Sgt. Maseth was safely inside his base in Baghdad when he reached for the shower faucet. Electricity instantly shot through the pipes, through the water itself, and through his entire body, electrocuting him. His mother, stunned, pressed the Army for details, but got only hemming and hawing at first, then she got a lie: She was told that her son had a "small appliance" with him in the shower. She knew better and kept pushing, finally learning that the facility's water pump had not been properly grounded.
Worse, Army documents reveal that Halliburton, under contract to inspect such systems, had found serious electrical problems in this facility nearly a year before Sgt. Maseth's last shower. Why wasn't it fixed? Because Halliburton's contract did not cover "fixing potential hazards," instead requiring only that it fix equipment already malfunctioning.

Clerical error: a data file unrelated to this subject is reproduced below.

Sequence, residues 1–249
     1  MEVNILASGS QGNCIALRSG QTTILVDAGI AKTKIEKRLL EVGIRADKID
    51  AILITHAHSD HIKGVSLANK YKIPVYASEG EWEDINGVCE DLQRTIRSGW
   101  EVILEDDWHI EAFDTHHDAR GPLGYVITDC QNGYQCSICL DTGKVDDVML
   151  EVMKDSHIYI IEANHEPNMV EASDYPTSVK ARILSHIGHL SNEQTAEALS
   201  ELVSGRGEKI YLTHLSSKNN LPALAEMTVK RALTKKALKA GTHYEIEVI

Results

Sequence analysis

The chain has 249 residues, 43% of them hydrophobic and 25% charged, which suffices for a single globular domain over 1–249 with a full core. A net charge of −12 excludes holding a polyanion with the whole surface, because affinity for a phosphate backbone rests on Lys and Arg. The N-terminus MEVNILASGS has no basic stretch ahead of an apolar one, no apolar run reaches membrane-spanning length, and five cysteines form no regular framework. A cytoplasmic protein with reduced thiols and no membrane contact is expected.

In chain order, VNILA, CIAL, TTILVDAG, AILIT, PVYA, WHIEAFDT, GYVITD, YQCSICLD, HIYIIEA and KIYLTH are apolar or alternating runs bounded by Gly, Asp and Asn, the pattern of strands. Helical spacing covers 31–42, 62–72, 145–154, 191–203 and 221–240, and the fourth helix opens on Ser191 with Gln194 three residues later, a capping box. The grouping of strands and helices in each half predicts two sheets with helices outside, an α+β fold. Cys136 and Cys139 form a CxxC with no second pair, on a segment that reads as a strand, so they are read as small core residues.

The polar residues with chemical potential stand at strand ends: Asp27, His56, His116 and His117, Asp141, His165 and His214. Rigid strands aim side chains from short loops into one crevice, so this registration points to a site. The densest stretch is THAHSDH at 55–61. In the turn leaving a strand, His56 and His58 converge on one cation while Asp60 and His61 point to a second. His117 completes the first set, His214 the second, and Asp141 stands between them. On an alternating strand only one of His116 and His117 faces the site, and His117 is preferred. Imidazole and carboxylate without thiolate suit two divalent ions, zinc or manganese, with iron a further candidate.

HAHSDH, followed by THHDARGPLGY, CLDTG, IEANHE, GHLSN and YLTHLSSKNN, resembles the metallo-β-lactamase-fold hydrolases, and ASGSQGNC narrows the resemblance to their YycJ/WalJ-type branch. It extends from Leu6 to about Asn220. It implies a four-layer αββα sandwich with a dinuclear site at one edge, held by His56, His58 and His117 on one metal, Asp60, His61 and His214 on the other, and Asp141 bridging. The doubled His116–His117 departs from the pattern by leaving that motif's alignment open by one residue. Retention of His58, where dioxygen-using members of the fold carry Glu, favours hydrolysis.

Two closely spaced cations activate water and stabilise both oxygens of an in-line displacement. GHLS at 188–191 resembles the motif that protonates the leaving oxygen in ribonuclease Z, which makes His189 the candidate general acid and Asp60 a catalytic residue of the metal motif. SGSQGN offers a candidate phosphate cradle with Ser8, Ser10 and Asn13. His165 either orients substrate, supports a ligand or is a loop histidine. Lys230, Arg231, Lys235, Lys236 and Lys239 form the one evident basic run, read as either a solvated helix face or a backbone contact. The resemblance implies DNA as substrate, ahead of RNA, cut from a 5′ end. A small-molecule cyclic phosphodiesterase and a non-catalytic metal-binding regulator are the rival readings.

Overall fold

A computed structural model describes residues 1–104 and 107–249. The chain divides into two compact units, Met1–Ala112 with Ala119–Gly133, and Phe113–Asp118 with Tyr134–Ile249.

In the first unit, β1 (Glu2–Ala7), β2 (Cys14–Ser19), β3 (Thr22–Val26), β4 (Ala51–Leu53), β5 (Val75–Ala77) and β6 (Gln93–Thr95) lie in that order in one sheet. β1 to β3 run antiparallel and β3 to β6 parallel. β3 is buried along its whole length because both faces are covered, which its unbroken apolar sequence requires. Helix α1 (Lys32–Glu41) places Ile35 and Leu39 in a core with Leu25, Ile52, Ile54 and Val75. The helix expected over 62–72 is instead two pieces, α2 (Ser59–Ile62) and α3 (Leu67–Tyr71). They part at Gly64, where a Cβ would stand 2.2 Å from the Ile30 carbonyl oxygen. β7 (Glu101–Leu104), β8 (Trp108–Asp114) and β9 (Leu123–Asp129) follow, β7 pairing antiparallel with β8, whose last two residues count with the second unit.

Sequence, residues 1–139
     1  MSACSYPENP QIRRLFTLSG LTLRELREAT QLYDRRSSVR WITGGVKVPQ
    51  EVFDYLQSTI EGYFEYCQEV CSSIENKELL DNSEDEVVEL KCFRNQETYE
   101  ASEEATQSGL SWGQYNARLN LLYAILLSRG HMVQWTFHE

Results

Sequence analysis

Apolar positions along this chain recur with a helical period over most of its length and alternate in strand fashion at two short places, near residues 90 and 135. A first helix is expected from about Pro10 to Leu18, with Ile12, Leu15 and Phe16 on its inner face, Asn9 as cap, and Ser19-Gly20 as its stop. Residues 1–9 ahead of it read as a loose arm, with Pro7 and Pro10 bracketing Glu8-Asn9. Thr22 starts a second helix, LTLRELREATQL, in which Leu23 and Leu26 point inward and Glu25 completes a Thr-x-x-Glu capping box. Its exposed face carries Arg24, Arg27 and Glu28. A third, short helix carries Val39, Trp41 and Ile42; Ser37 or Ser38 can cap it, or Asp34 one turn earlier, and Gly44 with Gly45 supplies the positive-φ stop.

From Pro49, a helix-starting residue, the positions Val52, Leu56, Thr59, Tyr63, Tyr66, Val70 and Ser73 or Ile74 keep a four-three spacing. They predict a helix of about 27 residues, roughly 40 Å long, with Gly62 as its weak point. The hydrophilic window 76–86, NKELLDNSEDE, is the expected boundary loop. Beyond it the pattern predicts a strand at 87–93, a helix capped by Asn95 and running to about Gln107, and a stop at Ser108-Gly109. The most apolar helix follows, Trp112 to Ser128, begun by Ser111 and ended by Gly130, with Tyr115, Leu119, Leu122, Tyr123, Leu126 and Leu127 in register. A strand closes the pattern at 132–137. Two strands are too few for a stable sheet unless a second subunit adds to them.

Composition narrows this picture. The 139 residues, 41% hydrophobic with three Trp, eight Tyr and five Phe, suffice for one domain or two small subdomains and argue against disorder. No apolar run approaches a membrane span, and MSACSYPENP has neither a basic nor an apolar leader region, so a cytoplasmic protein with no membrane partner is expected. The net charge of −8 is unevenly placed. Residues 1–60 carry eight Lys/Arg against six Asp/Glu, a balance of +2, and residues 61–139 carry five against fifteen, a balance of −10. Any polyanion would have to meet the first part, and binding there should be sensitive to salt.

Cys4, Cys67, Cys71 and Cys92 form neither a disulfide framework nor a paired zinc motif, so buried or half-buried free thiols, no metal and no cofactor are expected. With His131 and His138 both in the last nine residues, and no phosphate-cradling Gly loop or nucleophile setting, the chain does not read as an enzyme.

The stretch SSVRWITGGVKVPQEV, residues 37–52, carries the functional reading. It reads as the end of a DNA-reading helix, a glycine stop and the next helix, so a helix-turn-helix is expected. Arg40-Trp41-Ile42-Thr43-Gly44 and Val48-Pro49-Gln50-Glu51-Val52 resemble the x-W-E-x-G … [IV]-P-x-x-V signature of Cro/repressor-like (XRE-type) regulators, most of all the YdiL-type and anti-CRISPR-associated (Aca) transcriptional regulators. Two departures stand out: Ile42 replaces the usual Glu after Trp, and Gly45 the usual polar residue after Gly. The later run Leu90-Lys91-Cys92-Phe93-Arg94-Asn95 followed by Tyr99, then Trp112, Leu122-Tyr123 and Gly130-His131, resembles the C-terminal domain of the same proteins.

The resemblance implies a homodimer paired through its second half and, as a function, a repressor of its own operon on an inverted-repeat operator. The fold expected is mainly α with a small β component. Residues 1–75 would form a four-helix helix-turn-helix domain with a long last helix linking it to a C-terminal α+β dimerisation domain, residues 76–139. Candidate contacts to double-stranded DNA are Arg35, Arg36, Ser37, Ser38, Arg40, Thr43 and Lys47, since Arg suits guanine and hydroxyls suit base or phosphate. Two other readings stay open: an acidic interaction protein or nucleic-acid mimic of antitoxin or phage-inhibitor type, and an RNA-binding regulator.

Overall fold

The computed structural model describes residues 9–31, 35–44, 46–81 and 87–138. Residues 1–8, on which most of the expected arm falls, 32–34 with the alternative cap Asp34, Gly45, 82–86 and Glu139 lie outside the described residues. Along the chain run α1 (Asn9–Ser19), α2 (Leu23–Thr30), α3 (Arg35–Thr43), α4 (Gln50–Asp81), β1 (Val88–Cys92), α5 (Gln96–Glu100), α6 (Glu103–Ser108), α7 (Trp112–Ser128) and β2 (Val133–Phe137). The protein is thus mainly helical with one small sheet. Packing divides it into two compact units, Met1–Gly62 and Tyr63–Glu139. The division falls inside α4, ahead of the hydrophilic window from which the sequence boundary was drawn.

Meanwhile, the Army itself should have known about this death trap, but under the Pentagon's convoluted system, the danger that Halliburton found was not red-flagged and was never reviewed by a "qualified government employee."
At least a dozen of our soldiers have been killed by improper grounding of electrical equipment, but Halliburton coldly claims that it is not part of the Army and has no contractual obligation to prevent the electrocution of American troops.